False Advertising and Telemarketers

A number of claims may be brought against telemarketers.   Claims may be filed in court under the Consumer Fraud Act or Deceptive Practices statute, or a governmental entity such as the FTC may be contacted.

1. Deceptive Debt Relief Scheme


Various deceptions have been identified.

“The telemarketers generally began their calls by congratulating consumers for qualifying for a special expense reduction program or asking whether the consumer was interested in decreasing his or her debts. Telemarketers generally stated that they were affiliated with the consumer’s creditors or lenders, were calling on behalf of the government, or had special relationships with creditors or lenders that enabled them to negotiate debt management deals that were unobtainable by other service providers.”

2. Standard on Fraud Claims

In governmental claims,  the FTC must demonstrate that “(1) there was a representation; (2) the representation was likely to mislead customers acting reasonably under the circumstances, and (3) the representation was material.  Similarly, in private claims, the victim must identify where and when the statement was made, and why it is false, deceptive, and material.

A representation is material if it is likely to affect a consumer’s decision to buy a product or service. Int’l Comp. Concepts, 1995 WL 767810, at *2.  In the debt relief case, the Court said,  Defendants’ representations regarding their ability to negotiate incredible debt settlement deals were certainly material. A number of Defendants’ customers stated in their declarations that they had chosen not to sign with other debt relief service providers who were unable to make promises similar to those made by Defendants. Defendants’ statements promising up to 70 percent reductions in mortgage or credit card debt would affect any consumer’s decision to buy Defendants’ services.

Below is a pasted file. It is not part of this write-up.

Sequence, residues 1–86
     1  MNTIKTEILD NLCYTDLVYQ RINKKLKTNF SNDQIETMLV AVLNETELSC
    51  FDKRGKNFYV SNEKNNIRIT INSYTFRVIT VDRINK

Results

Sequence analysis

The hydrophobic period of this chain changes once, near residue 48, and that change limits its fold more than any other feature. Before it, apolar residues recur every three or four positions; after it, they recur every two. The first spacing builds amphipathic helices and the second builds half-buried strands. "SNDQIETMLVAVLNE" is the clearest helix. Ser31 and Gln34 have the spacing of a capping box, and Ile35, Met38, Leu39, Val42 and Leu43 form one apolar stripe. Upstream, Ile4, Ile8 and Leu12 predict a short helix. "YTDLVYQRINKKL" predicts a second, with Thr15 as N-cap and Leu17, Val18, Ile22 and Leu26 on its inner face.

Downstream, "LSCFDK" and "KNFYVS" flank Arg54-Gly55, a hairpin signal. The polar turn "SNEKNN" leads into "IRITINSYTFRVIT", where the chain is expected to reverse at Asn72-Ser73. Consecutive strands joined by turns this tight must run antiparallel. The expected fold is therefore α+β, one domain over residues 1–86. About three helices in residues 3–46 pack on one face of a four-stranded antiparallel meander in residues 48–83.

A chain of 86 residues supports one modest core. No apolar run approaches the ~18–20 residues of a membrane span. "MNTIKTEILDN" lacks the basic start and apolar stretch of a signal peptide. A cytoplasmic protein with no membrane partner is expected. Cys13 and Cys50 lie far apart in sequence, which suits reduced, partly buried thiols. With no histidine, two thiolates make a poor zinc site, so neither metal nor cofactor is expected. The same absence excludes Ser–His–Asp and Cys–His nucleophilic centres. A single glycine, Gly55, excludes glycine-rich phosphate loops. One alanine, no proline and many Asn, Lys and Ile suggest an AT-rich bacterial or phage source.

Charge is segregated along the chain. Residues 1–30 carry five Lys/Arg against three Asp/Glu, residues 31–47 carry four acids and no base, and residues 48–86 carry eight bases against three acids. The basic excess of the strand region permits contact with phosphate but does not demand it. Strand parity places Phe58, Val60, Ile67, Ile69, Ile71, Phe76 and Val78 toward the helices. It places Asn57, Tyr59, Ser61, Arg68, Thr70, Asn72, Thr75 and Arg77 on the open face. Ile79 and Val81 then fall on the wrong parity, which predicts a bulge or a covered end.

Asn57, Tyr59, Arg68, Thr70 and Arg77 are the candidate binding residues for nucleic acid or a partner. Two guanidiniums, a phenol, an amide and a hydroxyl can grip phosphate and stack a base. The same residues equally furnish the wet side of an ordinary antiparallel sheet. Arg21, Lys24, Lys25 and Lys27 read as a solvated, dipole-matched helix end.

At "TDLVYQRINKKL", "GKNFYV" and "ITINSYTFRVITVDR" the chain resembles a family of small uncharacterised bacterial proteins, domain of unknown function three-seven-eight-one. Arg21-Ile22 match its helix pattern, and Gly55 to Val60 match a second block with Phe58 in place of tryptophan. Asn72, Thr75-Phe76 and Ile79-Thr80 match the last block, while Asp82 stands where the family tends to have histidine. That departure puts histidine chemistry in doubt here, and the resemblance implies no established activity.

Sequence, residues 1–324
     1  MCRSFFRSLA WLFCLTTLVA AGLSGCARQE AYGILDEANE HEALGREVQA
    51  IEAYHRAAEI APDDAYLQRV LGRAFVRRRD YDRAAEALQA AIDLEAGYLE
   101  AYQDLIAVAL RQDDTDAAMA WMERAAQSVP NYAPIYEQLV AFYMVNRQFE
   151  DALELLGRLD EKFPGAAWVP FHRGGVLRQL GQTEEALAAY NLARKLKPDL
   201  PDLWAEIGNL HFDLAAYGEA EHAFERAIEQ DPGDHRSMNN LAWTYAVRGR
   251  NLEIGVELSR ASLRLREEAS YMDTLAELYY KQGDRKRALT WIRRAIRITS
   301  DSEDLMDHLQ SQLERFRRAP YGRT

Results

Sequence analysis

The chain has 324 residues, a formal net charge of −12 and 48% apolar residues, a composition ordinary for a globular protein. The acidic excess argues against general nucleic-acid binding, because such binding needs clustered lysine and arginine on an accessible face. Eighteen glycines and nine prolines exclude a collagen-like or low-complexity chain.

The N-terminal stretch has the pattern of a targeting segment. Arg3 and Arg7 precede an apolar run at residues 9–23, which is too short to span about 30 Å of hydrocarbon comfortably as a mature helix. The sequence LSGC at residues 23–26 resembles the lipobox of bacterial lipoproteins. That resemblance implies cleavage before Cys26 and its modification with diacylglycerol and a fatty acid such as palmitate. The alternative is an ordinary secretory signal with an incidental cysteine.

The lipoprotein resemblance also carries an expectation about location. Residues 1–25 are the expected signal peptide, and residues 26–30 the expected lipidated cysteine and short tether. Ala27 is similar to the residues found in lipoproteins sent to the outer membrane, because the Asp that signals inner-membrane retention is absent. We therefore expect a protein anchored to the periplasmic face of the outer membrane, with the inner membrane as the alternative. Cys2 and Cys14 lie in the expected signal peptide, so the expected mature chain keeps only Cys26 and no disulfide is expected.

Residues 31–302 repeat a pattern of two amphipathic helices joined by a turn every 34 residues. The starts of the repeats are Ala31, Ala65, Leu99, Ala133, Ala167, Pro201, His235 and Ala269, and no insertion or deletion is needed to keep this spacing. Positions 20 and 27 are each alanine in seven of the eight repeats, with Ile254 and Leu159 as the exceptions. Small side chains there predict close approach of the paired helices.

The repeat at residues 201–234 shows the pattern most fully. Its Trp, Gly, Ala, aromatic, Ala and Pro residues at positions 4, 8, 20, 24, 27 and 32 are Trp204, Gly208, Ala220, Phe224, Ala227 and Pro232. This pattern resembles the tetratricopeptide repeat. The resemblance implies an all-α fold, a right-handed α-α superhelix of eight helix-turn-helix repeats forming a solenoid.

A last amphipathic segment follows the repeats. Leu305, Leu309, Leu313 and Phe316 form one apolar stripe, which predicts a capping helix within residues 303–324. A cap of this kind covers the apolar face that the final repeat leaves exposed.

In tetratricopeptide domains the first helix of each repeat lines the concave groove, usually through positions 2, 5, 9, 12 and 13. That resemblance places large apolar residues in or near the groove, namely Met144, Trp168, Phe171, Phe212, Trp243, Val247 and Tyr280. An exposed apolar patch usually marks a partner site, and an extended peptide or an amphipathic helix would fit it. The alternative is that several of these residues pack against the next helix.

Call (973) 598-1980

Telemarketing Scheme

businessman signing a contract


A recent FTC Action charged various defendants in a telemarketing scheme targeting seniors.

“Defendants operate a fraudulent telemarketing scheme that bilks consumers
by offering bogus “risk-free” money-making opportunities. Defendants represent to their   consumer victims-many of whom are elderly or veterans-that the consumers will earn   substantial income through websites to be owned or invested in by the consumers.
Defendants collect hundreds or thousands of dollars from each victim, string their victims
along with bogus updates about the status of the victims’ investment earnings, and
ultimately cut off communications without providing the promised investment returns.

Defendants have charged individual consumers substantial amounts of
money, ranging from several hundred to more than $20,000, with total consumer injury  exceeding $9,000,000.


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